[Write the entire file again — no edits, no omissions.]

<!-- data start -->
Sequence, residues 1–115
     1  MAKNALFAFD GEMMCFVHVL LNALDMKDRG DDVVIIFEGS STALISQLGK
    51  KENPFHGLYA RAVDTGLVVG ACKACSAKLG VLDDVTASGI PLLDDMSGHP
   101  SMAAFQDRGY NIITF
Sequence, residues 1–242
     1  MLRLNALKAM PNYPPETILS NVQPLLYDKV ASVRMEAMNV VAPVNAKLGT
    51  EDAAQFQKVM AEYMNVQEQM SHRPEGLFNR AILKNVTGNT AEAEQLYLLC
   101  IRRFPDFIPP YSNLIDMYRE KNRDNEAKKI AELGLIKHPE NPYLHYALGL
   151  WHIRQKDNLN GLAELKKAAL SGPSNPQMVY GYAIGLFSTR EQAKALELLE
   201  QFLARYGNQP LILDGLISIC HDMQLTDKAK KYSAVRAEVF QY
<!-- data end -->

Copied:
Sequence, residues 1–115
     1  MAKNALFAFD GEMMCFVHVL LNALDMKDRG DDVVIIFEGS STALISQLGK
    51  KENPFHGLYA RAVDTGLVVG ACKACSAKLG VLDDVTASGI PLLDDMSGHP
   101  SMAAFQDRGY NIITF
Sequence, residues 1–242
     1  MLRLNALKAM PNYPPETILS NVQPLLYDKV ASVRMEAMNV VAPVNAKLGT
    51  EDAAQFQKVM AEYMNVQEQM SHRPEGLFNR AILKNVTGNT AEAEQLYLLC
   101  IRRFPDFIPP YSNLIDMYRE KNRDNEAKKI AELGLIKHPE NPYLHYALGL
   151  WHIRQKDNLN GLAELKKAAL SGPSNPQMVY GYAIGLFSTR EQAKALELLE
   201  QFLARYGNQP LILDGLISIC HDMQLTDKAK KYSAVRAEVF QY